Bad riddance for GOP

Nobody should be enthusiastic about Arlen Specter’s defection.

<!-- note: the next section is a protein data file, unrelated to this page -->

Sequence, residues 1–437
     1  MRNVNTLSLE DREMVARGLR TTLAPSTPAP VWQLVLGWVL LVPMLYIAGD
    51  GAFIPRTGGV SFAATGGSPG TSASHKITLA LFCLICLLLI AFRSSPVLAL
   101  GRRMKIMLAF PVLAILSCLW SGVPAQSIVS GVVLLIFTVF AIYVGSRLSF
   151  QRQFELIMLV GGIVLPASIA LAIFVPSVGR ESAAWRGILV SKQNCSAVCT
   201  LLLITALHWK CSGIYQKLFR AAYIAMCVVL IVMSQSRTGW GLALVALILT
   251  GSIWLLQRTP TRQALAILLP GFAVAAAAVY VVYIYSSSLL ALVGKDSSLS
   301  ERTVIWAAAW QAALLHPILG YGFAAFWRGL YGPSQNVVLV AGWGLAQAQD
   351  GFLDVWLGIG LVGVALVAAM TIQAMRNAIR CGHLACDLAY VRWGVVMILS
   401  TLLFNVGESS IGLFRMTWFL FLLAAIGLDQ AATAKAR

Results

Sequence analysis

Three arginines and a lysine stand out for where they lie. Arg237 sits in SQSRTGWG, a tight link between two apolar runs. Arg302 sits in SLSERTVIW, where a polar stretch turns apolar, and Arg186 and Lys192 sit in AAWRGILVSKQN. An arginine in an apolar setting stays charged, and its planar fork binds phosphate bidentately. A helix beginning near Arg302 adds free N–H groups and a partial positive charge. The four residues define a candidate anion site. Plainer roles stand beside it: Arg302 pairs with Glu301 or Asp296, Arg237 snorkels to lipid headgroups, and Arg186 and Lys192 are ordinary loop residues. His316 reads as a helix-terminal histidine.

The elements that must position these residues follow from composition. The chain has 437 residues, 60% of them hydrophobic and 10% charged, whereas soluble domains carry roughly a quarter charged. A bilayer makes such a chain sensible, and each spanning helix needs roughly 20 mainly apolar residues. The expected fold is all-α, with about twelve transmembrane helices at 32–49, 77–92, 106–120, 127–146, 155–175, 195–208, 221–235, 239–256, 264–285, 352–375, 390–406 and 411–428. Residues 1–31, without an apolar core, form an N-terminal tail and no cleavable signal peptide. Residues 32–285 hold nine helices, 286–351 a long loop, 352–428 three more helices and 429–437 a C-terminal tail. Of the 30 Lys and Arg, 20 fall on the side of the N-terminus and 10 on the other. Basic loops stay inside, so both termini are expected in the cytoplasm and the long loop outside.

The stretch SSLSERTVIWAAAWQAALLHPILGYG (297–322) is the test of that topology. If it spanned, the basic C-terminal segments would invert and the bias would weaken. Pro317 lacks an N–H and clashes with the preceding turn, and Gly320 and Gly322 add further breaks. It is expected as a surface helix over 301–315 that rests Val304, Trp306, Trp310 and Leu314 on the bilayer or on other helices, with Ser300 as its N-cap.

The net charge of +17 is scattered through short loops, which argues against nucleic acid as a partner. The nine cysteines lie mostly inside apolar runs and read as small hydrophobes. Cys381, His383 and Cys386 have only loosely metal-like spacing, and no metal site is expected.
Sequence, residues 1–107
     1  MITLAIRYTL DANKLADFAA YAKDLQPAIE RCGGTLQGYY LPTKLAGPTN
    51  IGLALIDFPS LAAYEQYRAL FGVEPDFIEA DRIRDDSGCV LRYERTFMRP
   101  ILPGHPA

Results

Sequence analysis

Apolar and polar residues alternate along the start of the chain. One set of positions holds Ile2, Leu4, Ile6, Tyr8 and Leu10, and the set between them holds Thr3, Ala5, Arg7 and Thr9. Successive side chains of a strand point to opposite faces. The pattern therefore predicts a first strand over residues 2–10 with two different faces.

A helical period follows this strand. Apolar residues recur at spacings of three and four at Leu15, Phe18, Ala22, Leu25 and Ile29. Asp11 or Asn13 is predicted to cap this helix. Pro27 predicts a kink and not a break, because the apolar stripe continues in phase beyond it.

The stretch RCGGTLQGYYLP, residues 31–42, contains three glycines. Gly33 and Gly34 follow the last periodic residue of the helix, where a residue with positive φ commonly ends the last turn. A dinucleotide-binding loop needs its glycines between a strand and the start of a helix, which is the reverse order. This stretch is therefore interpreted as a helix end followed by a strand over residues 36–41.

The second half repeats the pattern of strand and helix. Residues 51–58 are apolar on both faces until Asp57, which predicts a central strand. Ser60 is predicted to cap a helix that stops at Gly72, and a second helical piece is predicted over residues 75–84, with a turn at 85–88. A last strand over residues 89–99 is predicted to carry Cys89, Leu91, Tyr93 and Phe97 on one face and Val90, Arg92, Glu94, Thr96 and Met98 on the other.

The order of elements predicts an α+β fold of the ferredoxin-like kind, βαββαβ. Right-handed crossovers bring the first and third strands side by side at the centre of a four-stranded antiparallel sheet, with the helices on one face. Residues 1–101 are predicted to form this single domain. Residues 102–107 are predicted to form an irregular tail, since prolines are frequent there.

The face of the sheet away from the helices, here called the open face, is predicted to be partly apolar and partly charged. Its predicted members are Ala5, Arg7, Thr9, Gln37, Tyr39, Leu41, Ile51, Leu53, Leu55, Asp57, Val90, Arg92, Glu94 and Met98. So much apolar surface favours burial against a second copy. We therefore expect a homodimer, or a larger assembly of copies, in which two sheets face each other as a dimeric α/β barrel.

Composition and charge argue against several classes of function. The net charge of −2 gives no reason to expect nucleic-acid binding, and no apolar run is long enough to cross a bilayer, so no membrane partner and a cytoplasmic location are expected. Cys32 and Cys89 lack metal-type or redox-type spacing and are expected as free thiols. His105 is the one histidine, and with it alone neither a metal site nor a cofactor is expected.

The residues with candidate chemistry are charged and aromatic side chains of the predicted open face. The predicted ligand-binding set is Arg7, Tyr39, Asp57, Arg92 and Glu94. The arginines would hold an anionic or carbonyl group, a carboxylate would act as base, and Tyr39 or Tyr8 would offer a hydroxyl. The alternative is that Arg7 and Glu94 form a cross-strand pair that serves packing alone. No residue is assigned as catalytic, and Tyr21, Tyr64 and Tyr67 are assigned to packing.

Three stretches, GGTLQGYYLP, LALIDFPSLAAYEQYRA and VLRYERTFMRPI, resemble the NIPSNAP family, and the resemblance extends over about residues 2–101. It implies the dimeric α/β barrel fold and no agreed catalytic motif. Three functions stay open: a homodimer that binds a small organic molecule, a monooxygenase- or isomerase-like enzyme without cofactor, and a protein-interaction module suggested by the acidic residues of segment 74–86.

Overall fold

An interesting thing has happened since Pennsylvania Sen. Arlen SpecterâÄôs Tuesday announcement that he was leaving the Republican Party to join the Democratic caucus. Rather than express concern that SpecterâÄôs defection may give Democrats a filibuster-proof 60-seat majority in the Senate, or talk about the dissatisfaction they must feel over losing a 43-year veteran of the party, Republicans have taken a bitter and haughty posture as though theyâÄôre doing Specter a favor by suffering him to leave. Considering their recent electoral record, they should not be so cavalier; all assurances to the contrary, actions like these cement the GOPâÄôs reputation as the party of southern white males and will cause the eradication âÄî not emergence âÄî of effective political diversity. By declaring itself to be disinterested in moderates like Specter, Republicans are making the costly decision to dismiss a constituency of voters and politicians whose appeal are broad and whose support was up for grabs. Since American politics is strongly rooted in the two-party system and its political capital is hoarded by the two major parties, when the GOP makes people like Specter feel unwelcome, they estrange voters who arenâÄôt going to join third parties; like Specter, theyâÄôll simply depart one power base for another. In the words of another moderate Republican, Olympia Snowe: âÄúIdeological purity is not the ticket back to the promised land of governing majorities âĦ we cannot prevail in the future without moderates.âÄù We hope diversity and moderation prevail in the Republican Party, because it if does not, they will be left a powerless minority. Without power, there is no opposition party, and without opposition, we lack practical democracy.